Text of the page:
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Nissan also sat up an independent global advisory board

Nissan has a handful of not so happy Leaf electric vehicle owners in the state of Arizona. The hotter the environment, the less drive time an electric vehicle's batteries can offer. Nissan has been catching significant flak over allegations that the battery packs in some of its Leaf EV's in the state of Arizona are having issues. 
In July of 2012, Nissan dealerships in the state of Arizona started taking $5,000 off the sticker price of the electric Leaf vehicle to sell the cars. Several Leaf owners in Arizona began complaining that the electric vehicles were losing significant battery capacity due to the hot environment.
Leaf owner Scott Yarosh said, "When I first purchased the vehicle, I could drive to and from work on a single charge, approximately 90 miles round trip. [Now] I can drive approximately 44 miles on this without having to stop and charge."
I Nissan's Carla Bailo, senior VP of research and development, stepped up and addressed Leaf owners in an open letter posted to the Leaf community at the MyNissanLeaf discussion forum. According to the open letter, several Leaf EVs were inspected in Arizona and were determined to be operating to specification and the battery capacity loss over time is consistent with their usage and the operating environment. Nissan declared no defects are found in these vehicles.
The letter also states,  "A small number of Nissan Leaf owners in Arizona are experiencing a greater than average battery capacity loss due to their unique usage cycle, which includes operating mileages that are higher than average in a high-temperature environment over a short period of time."
It sounds like what Nissan is saying is that losing significant driving range is normal. Most owners of the Leaf EV are going to have a hard time stomaching that claim.

Nissan has also promised more open communication with owners of the Leaf EV. The company created an independent global advisory board, headed by EV advocate Chelsea Sexton to help with customer communications and advise Nissan on strategy.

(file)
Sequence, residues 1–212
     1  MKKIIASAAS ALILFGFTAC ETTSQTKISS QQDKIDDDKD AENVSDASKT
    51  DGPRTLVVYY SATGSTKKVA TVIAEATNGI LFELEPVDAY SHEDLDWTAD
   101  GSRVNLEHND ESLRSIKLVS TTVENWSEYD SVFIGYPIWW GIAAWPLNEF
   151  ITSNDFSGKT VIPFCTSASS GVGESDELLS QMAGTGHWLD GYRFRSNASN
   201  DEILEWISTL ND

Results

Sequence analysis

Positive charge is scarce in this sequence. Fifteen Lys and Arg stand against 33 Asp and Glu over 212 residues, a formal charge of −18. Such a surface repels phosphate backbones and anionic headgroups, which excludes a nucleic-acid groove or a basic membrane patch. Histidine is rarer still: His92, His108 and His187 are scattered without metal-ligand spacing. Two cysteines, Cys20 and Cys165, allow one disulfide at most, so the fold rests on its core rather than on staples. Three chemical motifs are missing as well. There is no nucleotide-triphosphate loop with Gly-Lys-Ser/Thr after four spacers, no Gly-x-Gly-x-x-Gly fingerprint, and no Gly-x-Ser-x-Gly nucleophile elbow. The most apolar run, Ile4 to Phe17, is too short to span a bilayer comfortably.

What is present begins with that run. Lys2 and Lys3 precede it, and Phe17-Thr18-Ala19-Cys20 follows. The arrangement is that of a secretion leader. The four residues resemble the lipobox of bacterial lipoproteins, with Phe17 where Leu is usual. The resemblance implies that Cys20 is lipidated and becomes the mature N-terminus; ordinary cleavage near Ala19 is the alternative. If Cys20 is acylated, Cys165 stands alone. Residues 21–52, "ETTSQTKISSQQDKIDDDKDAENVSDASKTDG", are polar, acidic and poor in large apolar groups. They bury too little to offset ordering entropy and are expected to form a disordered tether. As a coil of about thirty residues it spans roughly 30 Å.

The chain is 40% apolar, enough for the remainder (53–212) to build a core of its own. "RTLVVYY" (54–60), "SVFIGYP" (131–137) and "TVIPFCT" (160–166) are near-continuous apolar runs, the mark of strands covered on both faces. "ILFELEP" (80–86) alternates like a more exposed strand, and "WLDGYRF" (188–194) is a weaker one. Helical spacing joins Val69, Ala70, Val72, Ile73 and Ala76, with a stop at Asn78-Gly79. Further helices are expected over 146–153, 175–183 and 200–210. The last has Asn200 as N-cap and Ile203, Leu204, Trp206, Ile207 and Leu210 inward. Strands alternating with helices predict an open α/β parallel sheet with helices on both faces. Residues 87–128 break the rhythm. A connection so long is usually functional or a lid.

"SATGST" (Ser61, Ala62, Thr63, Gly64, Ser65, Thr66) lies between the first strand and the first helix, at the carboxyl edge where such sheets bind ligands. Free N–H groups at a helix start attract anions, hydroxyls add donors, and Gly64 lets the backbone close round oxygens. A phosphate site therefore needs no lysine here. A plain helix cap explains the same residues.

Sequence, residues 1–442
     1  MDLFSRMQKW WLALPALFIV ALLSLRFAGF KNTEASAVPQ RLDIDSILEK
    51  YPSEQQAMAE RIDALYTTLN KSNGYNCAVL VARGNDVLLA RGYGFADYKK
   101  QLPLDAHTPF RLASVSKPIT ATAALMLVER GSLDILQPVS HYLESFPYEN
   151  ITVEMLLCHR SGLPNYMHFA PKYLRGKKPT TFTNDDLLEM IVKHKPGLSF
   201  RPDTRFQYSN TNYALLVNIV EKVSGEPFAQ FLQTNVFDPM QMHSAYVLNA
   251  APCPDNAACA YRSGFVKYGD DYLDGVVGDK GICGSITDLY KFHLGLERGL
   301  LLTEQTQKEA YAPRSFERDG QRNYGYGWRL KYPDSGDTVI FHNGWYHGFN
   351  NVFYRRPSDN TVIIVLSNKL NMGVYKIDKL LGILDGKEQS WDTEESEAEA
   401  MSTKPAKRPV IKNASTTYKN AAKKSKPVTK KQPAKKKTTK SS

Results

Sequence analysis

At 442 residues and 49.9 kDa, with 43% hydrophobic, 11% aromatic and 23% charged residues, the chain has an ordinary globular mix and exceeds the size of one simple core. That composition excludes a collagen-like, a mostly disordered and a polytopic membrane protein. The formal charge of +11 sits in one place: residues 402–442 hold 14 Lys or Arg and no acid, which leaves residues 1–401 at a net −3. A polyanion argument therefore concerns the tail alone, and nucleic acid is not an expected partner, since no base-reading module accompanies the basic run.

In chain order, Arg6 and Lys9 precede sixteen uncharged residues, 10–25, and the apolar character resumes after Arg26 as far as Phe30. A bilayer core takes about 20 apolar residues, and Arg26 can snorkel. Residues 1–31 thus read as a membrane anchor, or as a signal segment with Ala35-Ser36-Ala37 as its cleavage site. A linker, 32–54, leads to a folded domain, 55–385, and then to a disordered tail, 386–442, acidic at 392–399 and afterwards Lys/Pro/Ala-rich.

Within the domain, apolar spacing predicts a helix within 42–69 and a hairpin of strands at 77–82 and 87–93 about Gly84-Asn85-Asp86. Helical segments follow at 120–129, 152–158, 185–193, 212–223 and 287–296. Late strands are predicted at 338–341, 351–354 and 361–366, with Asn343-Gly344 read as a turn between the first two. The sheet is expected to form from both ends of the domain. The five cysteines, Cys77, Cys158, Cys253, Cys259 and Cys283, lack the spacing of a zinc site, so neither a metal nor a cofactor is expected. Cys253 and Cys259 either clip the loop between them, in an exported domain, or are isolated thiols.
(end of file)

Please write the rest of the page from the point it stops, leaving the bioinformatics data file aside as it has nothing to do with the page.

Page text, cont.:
Nissan has promised that the 2013 Leaf will have a longer driving range.

Source: Autoblog

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RE: More reason -
By dgingerich on 9/25/2012 3:17:25 PM , Rating: 2
I wish I was wrong, honestly. I know for certain that a person getting either the electric/hybrid vehicle credit or the education credit will get that extra money in the form of a tax refund.

Take a certain person who both went to college (finishing a pre-law degree) and got an electric vehicle. Without the tax credits, he would have qualified for $813 as a tax refund. With these two credits, he got a $10,813 tax refund, and ended up with paying an actual amount to federal taxes of a whole $13 for the year. Essentially paying a tax rate of less than 0.1%. This Democrat lovin hippie (a certain cousin of mine) bragged about it for months, and about how good the government was to the people and the environment.

RE: More reason -
By Spuke on 9/25/2012 5:19:44 PM , Rating: 3
That's not a tax CREDIT, that's a rebate. Two difference things. Sorry dude but tax credits NEVER give you cash. PERIOD!!! There ARE rebates on EV's in certain states. Look it up! The IRS's website explains how tax credits work. You can even look up how the individual credits work (some you can carry over to the following year).

RE: More reason -
By bah12 on 9/25/2012 5:49:12 PM , Rating: 2
Regardless of which is correct, the fact is $7500 is lost in Tax revenue. Which is the point, every one of these POS cars cost the tax payer money. Be it from a refund or lost revenue, it still costs us money.

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